This year, we are celebrating 10 years of a Smoke Free Illinois. This law, while controversial when it was being passed, has become a new, healthier norm. Most young adults barely remember when smoking was allowed everywhere and cannot comprehend people smoking in restaurants and public spaces.
Now, it is time for another new, healthy norm: Tobacco 21. Why 21? Increasing the minimum legal age for sale of tobacco products to 21 years of age will significantly reduce youth tobacco use and over time save thousands of lives.
For 17 years, the teen tobacco use rate in our state was on the decline thanks to education and strong laws that kept this addictive and deadly product out of the hands of our youth. Now, because of heavy advertising, easy access, concealable electronic cigarettes and fruit and candy flavors, tobacco use is once again increasing among Illinois teens. In fact, in 2015 (the latest data available) 32.8 percent of Illinois high school youth reported using tobacco products.
Tobacco 21 laws focus on protecting youth from the death and disease associated with tobacco use. Nearly 95 percent of addicted adult smokers started smoking before they turned 21. If we can keep young people from getting hooked on tobacco products before their 21st birthday, they will likely never become addicted.
Tobacco 21 is our opportunity to stop the tobacco industry from capturing today’s young people as tomorrow’s customers. The American Lung Association encourages elected officials at all levels to support Tobacco 21 policies.
Many American teens wouldn’t dream of lighting up a cigarette. They know that tobacco smoking is an easily acquired and often deadly habit. Too many, however, shrug off companion health warnings and fire up e-cigarettes instead.
Now Illinois lawmakers are poised to make that harder by raising to 21 from 18 the legal age to buy tobacco or e-cigarette products. The Illinois Senate has approved a measure on a 35-20 vote; the proposal now moves to the House.
We urge lawmakers to vote yes, and Gov. Bruce Rauner to sign the bill into law.
This is not a Nanny State overreach into the personal habits of Illinoisans. It’s a smart way to help some unknowable percentage of young people from decisions that they and their families would regret for decades to come.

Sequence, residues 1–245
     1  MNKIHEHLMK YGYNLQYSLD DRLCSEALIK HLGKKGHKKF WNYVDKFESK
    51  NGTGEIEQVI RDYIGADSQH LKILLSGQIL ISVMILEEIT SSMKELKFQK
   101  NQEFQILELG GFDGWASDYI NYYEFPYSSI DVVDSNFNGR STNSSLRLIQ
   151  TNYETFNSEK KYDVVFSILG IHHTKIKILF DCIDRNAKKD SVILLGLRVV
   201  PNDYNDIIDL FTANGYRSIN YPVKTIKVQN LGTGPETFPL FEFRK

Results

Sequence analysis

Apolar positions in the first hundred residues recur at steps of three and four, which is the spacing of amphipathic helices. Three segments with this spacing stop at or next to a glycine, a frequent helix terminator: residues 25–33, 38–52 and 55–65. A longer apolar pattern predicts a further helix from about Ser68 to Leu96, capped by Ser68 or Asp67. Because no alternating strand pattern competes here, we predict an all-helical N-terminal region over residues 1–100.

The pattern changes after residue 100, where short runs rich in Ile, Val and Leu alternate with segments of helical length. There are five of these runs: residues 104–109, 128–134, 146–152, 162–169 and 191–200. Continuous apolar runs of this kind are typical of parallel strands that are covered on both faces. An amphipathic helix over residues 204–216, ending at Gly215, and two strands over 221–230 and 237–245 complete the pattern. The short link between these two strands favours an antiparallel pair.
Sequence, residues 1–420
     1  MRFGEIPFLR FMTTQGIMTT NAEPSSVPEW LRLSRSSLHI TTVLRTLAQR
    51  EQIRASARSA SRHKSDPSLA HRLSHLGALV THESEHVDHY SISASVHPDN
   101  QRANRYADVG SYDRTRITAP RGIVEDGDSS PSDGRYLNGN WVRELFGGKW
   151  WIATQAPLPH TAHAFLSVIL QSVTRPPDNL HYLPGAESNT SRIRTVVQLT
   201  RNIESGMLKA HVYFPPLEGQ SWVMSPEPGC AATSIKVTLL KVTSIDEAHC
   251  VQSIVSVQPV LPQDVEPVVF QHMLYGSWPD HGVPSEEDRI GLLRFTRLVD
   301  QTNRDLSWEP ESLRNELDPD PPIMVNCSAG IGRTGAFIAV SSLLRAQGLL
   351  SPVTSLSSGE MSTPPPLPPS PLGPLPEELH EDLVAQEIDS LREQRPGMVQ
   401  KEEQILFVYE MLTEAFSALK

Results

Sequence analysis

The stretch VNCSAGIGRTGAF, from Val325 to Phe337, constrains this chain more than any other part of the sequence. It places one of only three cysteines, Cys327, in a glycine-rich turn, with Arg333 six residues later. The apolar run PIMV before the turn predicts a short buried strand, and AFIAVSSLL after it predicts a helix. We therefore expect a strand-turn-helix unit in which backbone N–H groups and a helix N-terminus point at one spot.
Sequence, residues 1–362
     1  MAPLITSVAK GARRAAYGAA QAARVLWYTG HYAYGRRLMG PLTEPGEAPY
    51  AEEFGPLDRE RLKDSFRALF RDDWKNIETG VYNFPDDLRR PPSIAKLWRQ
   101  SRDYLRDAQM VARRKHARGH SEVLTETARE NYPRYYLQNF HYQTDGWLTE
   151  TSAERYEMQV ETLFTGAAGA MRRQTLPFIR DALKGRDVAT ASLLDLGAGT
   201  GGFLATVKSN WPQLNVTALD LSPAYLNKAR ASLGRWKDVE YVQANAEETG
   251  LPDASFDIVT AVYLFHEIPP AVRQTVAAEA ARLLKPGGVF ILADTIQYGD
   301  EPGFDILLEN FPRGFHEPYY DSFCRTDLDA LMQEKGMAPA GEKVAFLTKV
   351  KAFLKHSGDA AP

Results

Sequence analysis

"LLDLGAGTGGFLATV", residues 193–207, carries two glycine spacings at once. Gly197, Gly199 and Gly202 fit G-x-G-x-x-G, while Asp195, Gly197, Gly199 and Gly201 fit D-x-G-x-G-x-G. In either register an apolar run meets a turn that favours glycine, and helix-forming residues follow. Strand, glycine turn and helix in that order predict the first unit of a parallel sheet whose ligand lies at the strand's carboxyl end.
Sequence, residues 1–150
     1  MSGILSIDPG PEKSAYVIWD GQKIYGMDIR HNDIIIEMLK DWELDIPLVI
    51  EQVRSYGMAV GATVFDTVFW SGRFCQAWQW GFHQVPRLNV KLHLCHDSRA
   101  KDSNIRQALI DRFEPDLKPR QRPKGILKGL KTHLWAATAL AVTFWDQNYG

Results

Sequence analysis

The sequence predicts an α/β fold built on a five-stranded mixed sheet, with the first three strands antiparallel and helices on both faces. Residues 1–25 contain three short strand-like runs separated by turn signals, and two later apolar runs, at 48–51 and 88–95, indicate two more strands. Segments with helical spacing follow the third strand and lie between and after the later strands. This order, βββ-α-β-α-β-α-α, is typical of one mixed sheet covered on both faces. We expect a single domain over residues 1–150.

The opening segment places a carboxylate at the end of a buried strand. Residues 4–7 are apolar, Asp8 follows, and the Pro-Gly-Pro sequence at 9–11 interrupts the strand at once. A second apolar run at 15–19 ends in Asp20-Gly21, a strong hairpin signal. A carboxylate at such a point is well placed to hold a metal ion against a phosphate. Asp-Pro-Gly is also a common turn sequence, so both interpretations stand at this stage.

We’re sure that lawmakers hear many of the same arguments against this proposal that we have: 18-year-olds serve in the military and vote, why can’t they buy cigarettes or e-cigarettes? We say no for the same reason that we supported a statewide ban on smoking in public places a decade ago. Because it’s a public health imperative that yields huge benefits. Anyone miss those smoky restaurants? Anyone?
“Columbus City Council members passed the “Tobacco 21” bill on Monday, 7-0. The legislation was sponsored by President Pro Tem Priscilla Tyson.
Dr. Rob Crane said this new law is a prevention tool that really works. He’s a clinical professor at The Ohio State University, as well as founder and president of the Preventing Tobacco Addiction Foundation.
“I think we introduced the first legislation in Ohio 20 years ago,” he said. “It took a long time to kind of get traction, but now that we have several reports from the Surgeon General, from the Institute of Medicine, we really see the science behind this.”
He cites the book, “Public Health Implications of Raising the Minimum Age of Legal Access to Tobacco Products,” which was a study requested by the U.S. Food and Drug Administration (FDA) back in 2013.
“Moving tobacco to 21 will save according to this book, about 4.2 million years of life just among kids alive today,” said Dr. Crane. “Studies in Massachusetts have shown that it reduces high school smoking by about half.””
“Tobacco 21 laws that include ENDS should reduce initiation of these products among youth, similar to the suggested impact MLSA laws will have on initiation patterns for cigarettes.Reduced initiation of ENDS through MLSA laws may result in reduced initiation of cigarettes, and it may also result in delayed initiation of cigarette use, because the evidence for ENDS serving as a gateway to cigarette use is increasing. 4, 14 Regardless, it is plausible to predict that local, state, or federal MLSA laws would have a critical role in substantially reducing nicotine exposure among adolescents and young adults, particularly those aged 15 to 17 years.”
“[County Commissioner] Sid Leiken made a logical-sounding argument when he declined to join his four colleagues on the Lane County Board of Commissioners [Health] in voting to direct the county staff to prepare an ordinance raising the age for legal tobacco sales to 21 from 18. Leiken said Lane County shouldn’t make itself an “island” — action to raise the minimum age ought to come at the state level.
Leiken is right; Oregon should join California and Hawaii in banning tobacco sales to people younger than 21. But in the meantime, there’s nothing wrong with becoming an island of rational public-health policy.
In fact, islands can be healthful places to live. In 2005 the city of Needham, Mass., became the first jurisdiction in the United States to raise the age for legal tobacco purchases to 21. Skeptics scoffed that teenagers could simply buy cigarettes in any of a dozen neighboring Boston suburbs. But by 2010, smoking among high school students in Needham had dropped by more than half, while the rates in nearby towns showed only slight declines. Needham had made itself an island of addiction avoidance.”